Gophers junior ace Tom Windle’s slider is so good, sometimes Kurt Schlangen has trouble catching it.
“It’s unhittable. When he throws his best one, it’s filthy,” said Schlangen, the Gophers’ senior catcher. “It’s a touch pitch to catch sometimes.”
The slider, which Windle refers to as his “out pitch,” has caught the eye of Major League Baseball scouts. He’s projected to be selected in the first three rounds of the 2013 MLB draft.
The pitch has also helped him become one of the best arms in the Big Ten. Windle is 6-2 with a 1.82 ERA — second best in the conference among starters — in 11 starts this season.
He’s thrown four complete games, and his 69 strikeouts also rank second in the Big Ten.
Windle flashed brilliance as a freshman in 2011 and was one of Minnesota’s top relievers.
He was slated to move into the rotation for the 2012 season, but a nagging arm injury kept him in the bullpen.
It wasn’t until last summer, playing in the prestigious Cape Cod League, that Windle finally flourished as a starter.
“The competition I was playing with, even on my own team, helped a lot,” Windle said. “[I was] able to grow with some of the top players in the country.”
Windle started seven games in the league for the Brewster Whitecaps and finished the summer 3-2 with a 2.52 ERA.
Scouts took notice, and Windle said they’d watch him pitch on a regular basis, though he was never approached by any.
A dominant March cemented Windle’s status as a big-league prospect.
In that month, Windle threw the program’s first no-hitter since 1993 and tossed three complete games.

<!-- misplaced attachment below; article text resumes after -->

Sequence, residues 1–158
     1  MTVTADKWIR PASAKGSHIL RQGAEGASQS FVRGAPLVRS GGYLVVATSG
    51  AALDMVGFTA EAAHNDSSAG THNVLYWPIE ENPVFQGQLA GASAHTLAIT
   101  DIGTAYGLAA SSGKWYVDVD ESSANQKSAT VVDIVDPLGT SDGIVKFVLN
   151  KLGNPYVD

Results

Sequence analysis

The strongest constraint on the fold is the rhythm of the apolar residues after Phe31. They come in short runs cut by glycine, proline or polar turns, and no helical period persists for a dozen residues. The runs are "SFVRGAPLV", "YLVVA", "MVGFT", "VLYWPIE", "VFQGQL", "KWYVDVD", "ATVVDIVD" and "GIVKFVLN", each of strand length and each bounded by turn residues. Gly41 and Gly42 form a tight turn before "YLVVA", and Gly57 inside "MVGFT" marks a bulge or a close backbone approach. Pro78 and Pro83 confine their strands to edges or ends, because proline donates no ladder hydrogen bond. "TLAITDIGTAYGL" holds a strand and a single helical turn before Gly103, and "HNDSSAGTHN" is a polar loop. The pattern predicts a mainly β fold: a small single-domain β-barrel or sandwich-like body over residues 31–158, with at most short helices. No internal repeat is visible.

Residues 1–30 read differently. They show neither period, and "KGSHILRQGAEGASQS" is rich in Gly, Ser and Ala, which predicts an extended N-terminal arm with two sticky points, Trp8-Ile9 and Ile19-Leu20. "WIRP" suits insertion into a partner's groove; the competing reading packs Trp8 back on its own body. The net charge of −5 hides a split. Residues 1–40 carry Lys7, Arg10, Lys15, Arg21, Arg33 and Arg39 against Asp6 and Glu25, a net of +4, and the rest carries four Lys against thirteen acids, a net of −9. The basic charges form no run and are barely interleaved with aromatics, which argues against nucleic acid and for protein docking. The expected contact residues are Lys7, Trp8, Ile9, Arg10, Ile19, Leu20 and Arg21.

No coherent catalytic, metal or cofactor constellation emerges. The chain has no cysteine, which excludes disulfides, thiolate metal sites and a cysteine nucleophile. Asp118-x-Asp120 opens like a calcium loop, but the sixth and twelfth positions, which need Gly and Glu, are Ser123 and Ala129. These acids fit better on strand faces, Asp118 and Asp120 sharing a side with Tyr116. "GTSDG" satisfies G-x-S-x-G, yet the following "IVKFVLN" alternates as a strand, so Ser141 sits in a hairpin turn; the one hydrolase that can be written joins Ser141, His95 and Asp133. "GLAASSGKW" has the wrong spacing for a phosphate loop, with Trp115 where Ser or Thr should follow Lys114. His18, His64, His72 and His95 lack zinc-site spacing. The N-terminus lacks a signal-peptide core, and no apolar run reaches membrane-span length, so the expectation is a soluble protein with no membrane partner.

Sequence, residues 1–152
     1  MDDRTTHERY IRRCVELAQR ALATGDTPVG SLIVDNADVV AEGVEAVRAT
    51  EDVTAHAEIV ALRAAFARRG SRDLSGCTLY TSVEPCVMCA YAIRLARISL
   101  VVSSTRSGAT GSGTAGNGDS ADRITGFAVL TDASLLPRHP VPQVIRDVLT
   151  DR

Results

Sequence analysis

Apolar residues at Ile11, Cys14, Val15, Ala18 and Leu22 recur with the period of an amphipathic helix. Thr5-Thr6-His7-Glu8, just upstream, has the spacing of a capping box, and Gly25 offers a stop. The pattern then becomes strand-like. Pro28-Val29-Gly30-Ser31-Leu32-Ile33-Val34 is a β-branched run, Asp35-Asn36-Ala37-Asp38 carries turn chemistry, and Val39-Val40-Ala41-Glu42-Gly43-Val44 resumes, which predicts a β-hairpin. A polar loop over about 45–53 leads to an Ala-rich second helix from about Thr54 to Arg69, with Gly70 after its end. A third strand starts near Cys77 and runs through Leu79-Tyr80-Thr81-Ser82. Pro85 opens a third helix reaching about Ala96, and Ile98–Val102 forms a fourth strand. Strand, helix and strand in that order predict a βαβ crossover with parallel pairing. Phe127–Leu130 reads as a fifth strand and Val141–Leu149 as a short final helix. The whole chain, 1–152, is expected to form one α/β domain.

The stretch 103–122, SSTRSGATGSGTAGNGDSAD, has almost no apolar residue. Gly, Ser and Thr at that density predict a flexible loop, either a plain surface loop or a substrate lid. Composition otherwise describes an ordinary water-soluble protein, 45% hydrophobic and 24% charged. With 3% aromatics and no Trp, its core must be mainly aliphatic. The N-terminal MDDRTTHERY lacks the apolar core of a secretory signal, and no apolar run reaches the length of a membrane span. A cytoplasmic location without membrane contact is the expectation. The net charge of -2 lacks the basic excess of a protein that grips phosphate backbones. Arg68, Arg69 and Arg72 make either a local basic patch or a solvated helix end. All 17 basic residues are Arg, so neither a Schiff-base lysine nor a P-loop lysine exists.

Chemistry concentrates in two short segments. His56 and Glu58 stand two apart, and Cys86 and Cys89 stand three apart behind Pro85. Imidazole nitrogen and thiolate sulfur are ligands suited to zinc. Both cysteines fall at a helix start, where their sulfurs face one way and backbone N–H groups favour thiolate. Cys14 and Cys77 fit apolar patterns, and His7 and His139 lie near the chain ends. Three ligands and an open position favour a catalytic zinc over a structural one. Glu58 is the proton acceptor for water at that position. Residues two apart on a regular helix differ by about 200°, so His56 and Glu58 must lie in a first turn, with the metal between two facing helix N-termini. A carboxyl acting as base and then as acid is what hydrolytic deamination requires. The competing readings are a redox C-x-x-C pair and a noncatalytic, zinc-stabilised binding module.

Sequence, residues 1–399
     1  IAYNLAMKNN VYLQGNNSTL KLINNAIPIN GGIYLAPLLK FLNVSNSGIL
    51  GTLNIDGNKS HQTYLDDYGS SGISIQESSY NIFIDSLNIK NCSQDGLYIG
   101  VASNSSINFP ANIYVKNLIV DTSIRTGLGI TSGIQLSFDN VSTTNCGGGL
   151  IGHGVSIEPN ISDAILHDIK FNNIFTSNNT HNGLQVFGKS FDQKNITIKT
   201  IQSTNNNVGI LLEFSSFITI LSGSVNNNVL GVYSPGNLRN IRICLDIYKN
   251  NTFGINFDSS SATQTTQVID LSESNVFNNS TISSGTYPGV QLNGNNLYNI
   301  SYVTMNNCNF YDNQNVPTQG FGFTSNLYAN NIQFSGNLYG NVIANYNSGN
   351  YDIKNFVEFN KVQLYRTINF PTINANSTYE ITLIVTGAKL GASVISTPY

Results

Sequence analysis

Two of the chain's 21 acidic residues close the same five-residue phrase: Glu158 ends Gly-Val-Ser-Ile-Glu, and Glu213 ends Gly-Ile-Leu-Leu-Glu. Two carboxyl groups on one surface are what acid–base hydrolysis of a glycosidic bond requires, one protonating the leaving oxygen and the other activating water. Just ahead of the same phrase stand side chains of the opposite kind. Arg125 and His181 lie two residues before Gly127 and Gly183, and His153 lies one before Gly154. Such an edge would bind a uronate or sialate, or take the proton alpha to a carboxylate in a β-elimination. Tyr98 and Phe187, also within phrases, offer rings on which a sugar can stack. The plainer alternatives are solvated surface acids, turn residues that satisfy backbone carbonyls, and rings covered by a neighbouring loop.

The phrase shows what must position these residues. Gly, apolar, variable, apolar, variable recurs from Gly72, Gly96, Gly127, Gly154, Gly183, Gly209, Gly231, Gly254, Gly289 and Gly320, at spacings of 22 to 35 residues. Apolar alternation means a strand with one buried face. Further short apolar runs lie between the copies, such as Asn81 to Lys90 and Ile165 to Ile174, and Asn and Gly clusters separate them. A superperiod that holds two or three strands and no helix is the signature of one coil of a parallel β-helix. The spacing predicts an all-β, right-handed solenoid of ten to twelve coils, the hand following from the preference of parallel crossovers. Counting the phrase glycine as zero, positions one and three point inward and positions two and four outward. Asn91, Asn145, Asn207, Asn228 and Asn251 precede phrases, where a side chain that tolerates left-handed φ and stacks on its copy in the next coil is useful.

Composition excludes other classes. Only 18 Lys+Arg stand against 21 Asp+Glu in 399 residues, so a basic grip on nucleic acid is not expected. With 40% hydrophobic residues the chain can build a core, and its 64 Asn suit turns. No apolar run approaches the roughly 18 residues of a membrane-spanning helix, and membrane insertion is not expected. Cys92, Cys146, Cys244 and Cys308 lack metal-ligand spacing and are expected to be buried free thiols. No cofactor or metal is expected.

Pro scouts flocked to the Metrodome to watch Windle pitch against projected top-10 pick Sean Manaea of Indiana State on March 15. Both starters dominated en route to a complete game, but Manaea allowed one fewer run and got the win.
Windle knows he’s being eyed as a draft pick, but he said he doesn’t think about it much.
“It’s obviously something that’s coming up, but right now on the [Gophers], that’s what’s important,” he said.
The draft process is nothing new for Windle.
After a dominant senior season at Osseo High School, Windle was selected by the Chicago White Sox in the 28th round of the 2010 MLB Draft.
Windle said the White Sox never offered him a contract, and he continued his career at Minnesota, where pitching coach Todd Oakes has overseen his development.
“He’s steadily got a little bit better each year,” Oakes said. “To have him in our rotation this third year is crucial to our pitching staff.”
Oakes said Windle came into the program as a pretty mature and responsible kid with a strong foundation.
“It’s been more of a polish job, polishing up on the little things,” Oakes said.
One of those little things was the development of a changeup to complement Windle’s slider and fastball.
As a reliever, Windle only needed the slider and fastball. The changeup has been reliable for him as a starter, and Windle called it “a nice add to my repertoire.”
Windle’s bag of pitches starts with his fastball. He consistently throws it in the low-90s, and it’s topped out at 94 mph this season.
Then comes the slider.
“He’s got what I call a swing-and-miss slider,” Oakes said. “Some guys got more of a pitch-to-contact breaking ball.”
Windle’s slider breaks away from left-handed hitters and down and in against righties.
“If they can have a breaking ball that’s effective against right-handed hitters, that’s key,” Oakes said. “That pitch separates him.”
Schlangen said it’s easy to call a game when Windle is on the mound.
“He can throw any of his pitches for strikes,” Schlangen said. “His stuff is so good, sometimes it feels like it doesn’t matter what the situation is. You can call any pitch.”
The Gophers will rely on Windle’s pitches for the remainder of the season. They sit atop the Big Ten standings with two series to play, and Windle has set the tone all year with strong outings on Fridays.
“He’s given us a chance in just about every game he’s pitched on Friday,” Minnesota head coach John Anderson said. “We’ve won every series in the league. He’s a factor in that.”